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He was just 2 days old, but already the little prince had pulled off his first road trip. Safely buckled into a rear car seat, with his adoring mum sitting beside him and his proud dad in the front, Prince George Alexander Louis made the 54-mile journey from London to his mother's hometown of Bucklebury with such little fanfare that locals didn't even realize he'd arrived. "No one was out on the street to cheer or wave a flag," says one observer, noting that beefed-up security was the only sign that not one but two future kings were in their midst. "Everyone in Bucklebury assumed they would spend a couple of days at Kensington Palace and then come home," says the observer. "They caught the whole village by surprise."

Welcome to Royal Parenting, the William and Kate Way. From the moment His Royal Highness Prince George of Cambridge arrived at 4:24 p.m. on July 22, his parents signaled their intention to forge a path that is both respectful of tradition and "totally modern," a close friend tells PEOPLE. That meant remaining in London long enough for little George's royal grandparents to visit - including his great-grandmother the Queen - before decamping to the Bucklebury home of Kate's parents, Carole and Michael Middleton. It's a move that would have been unthinkable for a future King of England just one generation ago: no palace, no nannies - for now - and no rigid royal rules, but instead a familiar and loving refuge in which to spend the sweet first days with his parents. "For them to go back to Bucklebury shows that Kate wants the security and comfort of her family," says Sarah Dixon, a maternity nurse whose clients have included foreign royals and friends of the royal couple's, "instead of a huge team of staff."

Of course, with 7 bedrooms and 18 acres, "the Manor," as it is known in the village, is hardly an ordinary home, but compared to Kensington Palace - where renovations on a 20 - plus room spread for the new family are still underway- the Middletons' estate is "a more convivial atmosphere," says John Tennant, warden of St. Mary's Church in Bucklebury. What's more, "going to stay with the Middletons allows William and Kate to put their stamp on things," says Marcia Moody, author of Kate: A Biography, "in a way that makes them both feel comfortable."

The move to Bucklebury also offers precious privacy at a time when Kate, 31, needs it most. From the postpartum bump visible under her Jenny Packham polka dots worn while introducing George outside St. Mary's Hospital July 23 to her reported decisions on heavy painkillers during labor (no) and breast-feeding (yes), Kate joined Club Mom with instant icon status (see box, page 82). As she has since she first debuted as a young princess-in-waiting, she is relying on help from her two most trusted supporters: her husband of two years and her mother, Carole, 58. While palace staffers handle the work of logging the thousands of gifts that have poured in - "Thank-yous are sent for all of them," says a source - Carole's priority is her daughter. "Carole will be like a tigress protecting her daughter from everybody," says Majesty editor-in-chief Ingrid Seward. "She will be telling Kate, 'It's time for your sleep, and I will look after the baby' and so on."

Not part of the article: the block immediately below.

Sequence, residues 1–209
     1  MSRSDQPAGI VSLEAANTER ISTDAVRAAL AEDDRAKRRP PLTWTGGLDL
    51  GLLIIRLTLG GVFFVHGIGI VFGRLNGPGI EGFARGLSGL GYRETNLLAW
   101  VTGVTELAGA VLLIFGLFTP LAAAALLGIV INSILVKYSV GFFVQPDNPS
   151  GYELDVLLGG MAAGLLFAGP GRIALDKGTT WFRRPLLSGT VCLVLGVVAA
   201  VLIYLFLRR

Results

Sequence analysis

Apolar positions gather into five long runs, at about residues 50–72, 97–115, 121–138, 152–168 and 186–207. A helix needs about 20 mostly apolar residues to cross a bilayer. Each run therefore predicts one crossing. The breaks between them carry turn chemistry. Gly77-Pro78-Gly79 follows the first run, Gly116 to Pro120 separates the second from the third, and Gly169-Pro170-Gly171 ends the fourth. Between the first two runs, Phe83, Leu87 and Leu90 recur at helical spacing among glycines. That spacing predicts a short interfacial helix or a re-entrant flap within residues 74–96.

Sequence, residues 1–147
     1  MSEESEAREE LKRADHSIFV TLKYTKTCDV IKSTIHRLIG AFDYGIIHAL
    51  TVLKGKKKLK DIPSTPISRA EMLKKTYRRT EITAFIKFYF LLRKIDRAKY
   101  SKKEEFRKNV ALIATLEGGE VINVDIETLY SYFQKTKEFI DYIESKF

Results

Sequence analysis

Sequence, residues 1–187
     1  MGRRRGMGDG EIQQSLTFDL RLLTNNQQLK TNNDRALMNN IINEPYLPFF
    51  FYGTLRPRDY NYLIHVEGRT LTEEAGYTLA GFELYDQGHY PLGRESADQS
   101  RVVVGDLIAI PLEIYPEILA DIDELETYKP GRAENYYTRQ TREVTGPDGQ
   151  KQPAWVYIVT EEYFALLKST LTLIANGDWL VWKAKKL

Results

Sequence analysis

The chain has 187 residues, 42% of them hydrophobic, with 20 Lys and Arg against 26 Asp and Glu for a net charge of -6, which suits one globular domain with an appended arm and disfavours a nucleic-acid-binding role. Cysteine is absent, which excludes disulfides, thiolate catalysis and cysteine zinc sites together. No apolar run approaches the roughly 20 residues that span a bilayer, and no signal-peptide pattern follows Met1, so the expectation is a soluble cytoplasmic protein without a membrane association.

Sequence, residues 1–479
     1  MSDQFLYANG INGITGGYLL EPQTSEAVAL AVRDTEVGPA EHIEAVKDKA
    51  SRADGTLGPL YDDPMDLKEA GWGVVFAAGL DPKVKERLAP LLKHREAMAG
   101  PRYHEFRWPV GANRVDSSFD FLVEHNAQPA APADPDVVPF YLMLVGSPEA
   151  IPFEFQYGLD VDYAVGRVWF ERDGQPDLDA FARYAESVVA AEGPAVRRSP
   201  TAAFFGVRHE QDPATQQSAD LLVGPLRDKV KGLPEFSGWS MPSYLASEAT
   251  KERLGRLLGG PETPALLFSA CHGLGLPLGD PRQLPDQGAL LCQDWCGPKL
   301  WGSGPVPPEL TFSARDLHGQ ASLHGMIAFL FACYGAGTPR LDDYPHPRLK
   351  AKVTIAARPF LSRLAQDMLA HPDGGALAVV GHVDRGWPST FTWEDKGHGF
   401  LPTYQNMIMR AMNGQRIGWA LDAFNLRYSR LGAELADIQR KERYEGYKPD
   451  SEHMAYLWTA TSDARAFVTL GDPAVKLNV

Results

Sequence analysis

Look for Kate to take her parenting cues from her own parents. Carole -a hands-on mom who opted to start the family's lucrative party-planning business in part to afford her more time at home with her three children - was "a disciplinarian as well as being a cooking, baking, arts-and-crafts kind of mom," says Moody. Known to sew her children's names into their clothing, she also drew upon her previous training as a flight attendant to teach her kids "the importance of looking someone in the eye when you speak to them and being a good listener," says Moody. Friends say the more reserved Michael - who popped into a small village grocery on July 25, telling a store employee that Kate and the baby were both doing well - is an even-keeled counterbalance to his bubbly wife of 33 years. "He is very calm," says local pub owner John Haley, who has known the Middletons for 17 years. "He loves his beer and will still have a pint of West Berkshire bitter. He's a lovely fella."

Kate will also seek advice from British baby guru Christine Hill, with whom she and Will attended private classes. In her book A Perfect Start, Hill espouses a less-is-more approach to the newborn days. "The last thing [babies] want at this stage is to be passed around a circle of admirers," she writes. "They need some space for themselves, and so do you."

For his part, William, 31 - whose parents, Princess Diana and Prince Charles, split when he was 10 - has long found in the Middletons the tight-knit family lacking in his own childhood. "He has a normal life when he is with them," says Haley. "They will all wake up and have a cup of tea and watch TV on the sofa in the evening."

Of course, the new parents can only remain in the cocoon of Bucklebury for so long. William will resume his duties with the Royal Air Force as early as next week, while Kate is expected to pick up her public engagements in the fall, albeit on a more part-time basis. "Kate has a role to play, and William is a prince and an army officer - like it or not, his life is really full," says Seward. Yes, the time will come for the little prince to venture out further into the big world, but for now his parents are simply treasuring their first special days together. "Prince George is being well looked after in a very loving, caring environment," says Daniel Nicholls, a Bucklebury local and former Middleton family piano teacher. "This is a wonderful start to his life."

  • Contributors:
  • With Monique Jessen/London,
  • Philip Boucher/Bucklebury,
  • Moira Bailey,
  • Alicia Dennis.